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Journal of Creation  Volume 19Issue 3 Cover

Journal of Creation 19(3):13
December 2005

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Journal of Creation  Volume 19 Issue 3 Cover

First published:
Journal of Creation 19(3):13
December 2005

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Was Lucy bipedal?

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In the alleged process of humans evolving from primates, evolutionists have considered the most important event to be the evolution of bipedal locomotion. This event is even more important than the enlargement of the brain or the fabrication of stone tools. In fact, in many evolutionary scenarios, bipedalism is thought to be the cause of the enlargement of the brain and stone tool making.

The discovery of ‘Lucy’ (Australopithecus afarensis) in 1973 by Carl Johanson’s team, and the discovery of the Laetoli Footprints in 1978 by Mary Leakey’s team, both dated at more than three million years, was welcome confirmation to evolutionists of the early evolution of bipedalism. They based their case on the fact that A. afarensis fossils were also found at Laetoli, and that the only fossil reconstruction of the A. afarensis foot was arched, and hence compatible with the Laetoli Footprints. Thus, for over twenty years we have been told, both in the scientific and in the popular literature, that Lucy was bipedal and that she is what our evolutionary ancestor at that time looked like—or close to it.

Finally, a report in the August 2005 Scientific American suggests that there might be a problem. William E.H. Harcourt-Smith (American Museum of Natural History) and Charles E. Hilton (Western Michigan University) challenge Lucy’s bipedality. They claim that the fossil reconstruction of the A. afarensis foot is based on a mixture of fossils, some from the 3.2 million year old A. afarensis collection, and some from the 1.8 million year old Homo habilis collection. Specifically, they claim that one of the bones, the navicular, used to determine that the A. afarensis foot was arched, actually was a Homo habilis fossil foot bone, not an A. afarensis fossil foot bone.

Presenting their findings at the seventy-fourth Annual Meeting of the American Association of Physical Anthropologists in Milwaukee, 6–9 April 2005, these researchers state again what has been known for years—that the Laetoli Footprints are virtually indistinguisable from modern arched footprints made by humans who are habitually unshod.

Harcourt-Smith and Hilton then studied the naviculars of A. afarensis, H. habilis, chimpanzees, and gorillas. The measurements of the H. habilis navicular were within the modern human range. The A. afarensis navicular, on the other hand, was very much like that of the flat-footed apes, meaning that it was very unlikely that A. afarensis had an arched foot, as humans have. They conclude that ‘A. afarensis almost certainly did not walk like us or, by extension, like the hominids at Laetoli.’1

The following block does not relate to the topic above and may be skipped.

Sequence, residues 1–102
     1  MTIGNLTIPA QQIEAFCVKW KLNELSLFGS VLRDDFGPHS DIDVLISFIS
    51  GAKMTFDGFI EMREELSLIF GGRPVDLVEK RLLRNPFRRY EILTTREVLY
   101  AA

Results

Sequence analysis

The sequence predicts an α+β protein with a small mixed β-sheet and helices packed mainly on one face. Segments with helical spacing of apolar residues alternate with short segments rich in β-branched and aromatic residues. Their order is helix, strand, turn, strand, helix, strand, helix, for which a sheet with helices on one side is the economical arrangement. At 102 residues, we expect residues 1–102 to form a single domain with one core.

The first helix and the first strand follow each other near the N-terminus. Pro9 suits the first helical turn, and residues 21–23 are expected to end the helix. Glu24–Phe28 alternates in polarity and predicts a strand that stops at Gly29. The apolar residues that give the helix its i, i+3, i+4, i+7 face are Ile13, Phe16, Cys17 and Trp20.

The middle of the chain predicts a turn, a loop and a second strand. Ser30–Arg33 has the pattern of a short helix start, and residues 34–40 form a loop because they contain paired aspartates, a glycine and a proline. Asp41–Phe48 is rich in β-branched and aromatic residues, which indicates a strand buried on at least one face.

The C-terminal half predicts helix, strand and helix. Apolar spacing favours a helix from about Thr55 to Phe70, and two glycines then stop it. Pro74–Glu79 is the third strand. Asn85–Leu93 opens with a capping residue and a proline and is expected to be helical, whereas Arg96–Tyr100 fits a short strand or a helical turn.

My personal file of scientific articles on A. afarensis bipedality is very thick. Yet, in over twenty years, to my knowledge, no evolutionist until now has mentioned that the relationship between the A. afarensis foot, the Laetoli Footprints, and thus the ‘proof’ of A. afarensis bipedality was based upon a faulty reconstruction. It is hard for me, an outsider, to know whether or not this is a case of outright deception. Was this matter known, but not mentioned, by paleoanthropologists generally? Or was it known by only a very few who were involved in the reconstruction of Lucy’s foot? It is certainly a striking example of the failure of evolutionists to inform the public regarding the actual state of the evidence in the most important ‘alleged event’ of human evolution. I have documented elsewhere many other cases of shabby scholarship or outright deception by evolutionists.2

It is significant that bipedalism authority, C. Owen Lovejoy (Kent State University), does not dispute the fact that the A. afarensis fossil foot reconstruction consists of bones from several different species. In spite of this problem, he defends Lucy’s bipedality by saying that even flat-footed modern humans can walk normally.

Harcourt-Smith and Hilton call for a new fossil foot reconstruction based only on A. afarensis fossils in order to determine whether or not A. afarensis was truly bipedal. If not, they suggest two other possibilities:

  • that a fossil species known as Australopithecus anamensis made the Laetoli footprints, even though we have no fossil foot bones of this species, or
  • that the Laetoli footprints were made by a species yet undiscovered.

For evolutionists, it’s just a short step from science to science-fiction.

Related Articles

References

  1. Wong, K., Footprints to fill, Scientific American, pp.18–19, August 2005.
  2. Lubenow, M.L., Bones of Contention: A Creationist Assessment of Human Fossils, Revised ed., Baker Book House, Grand Rapids, MI, Chapters 1 to 5, 2004.

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